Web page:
A poorly run healthcare system that focuses more on profits and less on quality is likely the reason Americans have shorter life expectancies than people in 12 other developed nations, a new study published in the journal Health Affairs concludes.
Researchers Peter Muennig and Sherry Glied with the Mailman School of Public Health at Columbia University looked at the 15-year survival rates for men and women between the ages of 45 and 65 from 1975 to 2005, taking into consideration the high rates of smoking, obesity, traffic fatalities and homicides in the U.S. They determined that while U.S. rates for all of those trends were comparable with the other 12 nations--Australia, Austria, Belgium, Britain, Canada, France, Germany Italy, Japan, the Netherlands, Sweden and Switzerland--the U.S. was the only one that doesn't provide universal health coverage.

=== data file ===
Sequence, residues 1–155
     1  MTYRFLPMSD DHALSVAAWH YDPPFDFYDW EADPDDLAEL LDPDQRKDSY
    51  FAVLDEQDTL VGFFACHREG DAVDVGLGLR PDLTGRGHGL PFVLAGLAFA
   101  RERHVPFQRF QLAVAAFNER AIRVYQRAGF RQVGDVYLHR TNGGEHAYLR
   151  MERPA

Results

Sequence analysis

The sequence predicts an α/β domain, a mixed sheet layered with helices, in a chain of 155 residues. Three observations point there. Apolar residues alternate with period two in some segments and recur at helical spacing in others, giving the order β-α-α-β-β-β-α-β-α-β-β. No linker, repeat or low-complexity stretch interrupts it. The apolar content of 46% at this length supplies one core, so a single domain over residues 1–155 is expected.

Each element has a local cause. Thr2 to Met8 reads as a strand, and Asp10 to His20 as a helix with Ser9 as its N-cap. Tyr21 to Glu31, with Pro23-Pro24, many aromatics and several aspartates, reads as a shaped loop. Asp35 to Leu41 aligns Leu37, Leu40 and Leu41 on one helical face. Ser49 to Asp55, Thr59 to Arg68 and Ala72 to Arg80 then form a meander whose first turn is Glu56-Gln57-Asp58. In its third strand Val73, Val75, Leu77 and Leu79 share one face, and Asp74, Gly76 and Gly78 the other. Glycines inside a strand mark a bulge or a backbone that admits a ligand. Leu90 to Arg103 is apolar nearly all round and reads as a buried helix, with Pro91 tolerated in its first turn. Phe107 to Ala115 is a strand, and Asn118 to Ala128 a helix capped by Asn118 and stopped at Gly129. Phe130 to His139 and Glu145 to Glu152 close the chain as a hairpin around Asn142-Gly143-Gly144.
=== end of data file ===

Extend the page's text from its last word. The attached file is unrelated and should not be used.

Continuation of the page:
What's more, the researchers pointed out that "unusually high medical spending" correlated with worse 15-year survival rates. While life expectancy actually went up in the U.S., it did so at a much lower clip than in all of the other nations, despite health costs increasing at a much faster rate.
"Unregulated fee-for-service reimbursement and an emphasis on specialty care may contribute to high U.S. health spending, while leading to unneeded procedures and fragmentation of care," Muennig and Glide wrote. "Unneeded procedures may be associated with secondary complications. Fragmentation of care leads to poor communication between providers, sometimes conflicting instructions for patients, and higher rates of medical errors."